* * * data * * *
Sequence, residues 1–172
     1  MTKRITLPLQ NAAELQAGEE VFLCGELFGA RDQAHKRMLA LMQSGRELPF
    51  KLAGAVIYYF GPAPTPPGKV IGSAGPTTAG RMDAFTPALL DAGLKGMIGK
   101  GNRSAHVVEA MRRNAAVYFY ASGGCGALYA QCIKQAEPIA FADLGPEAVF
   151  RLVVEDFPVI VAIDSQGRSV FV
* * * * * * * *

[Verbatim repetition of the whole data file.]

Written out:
Sequence, residues 1–172
     1  MTKRITLPLQ NAAELQAGEE VFLCGELFGA RDQAHKRMLA LMQSGRELPF
    51  KLAGAVIYYF GPAPTPPGKV IGSAGPTTAG RMDAFTPALL DAGLKGMIGK
   101  GNRSAHVVEA MRRNAAVYFY ASGGCGALYA QCIKQAEPIA FADLGPEAVF
   151  RLVVEDFPVI VAIDSQGRSV FV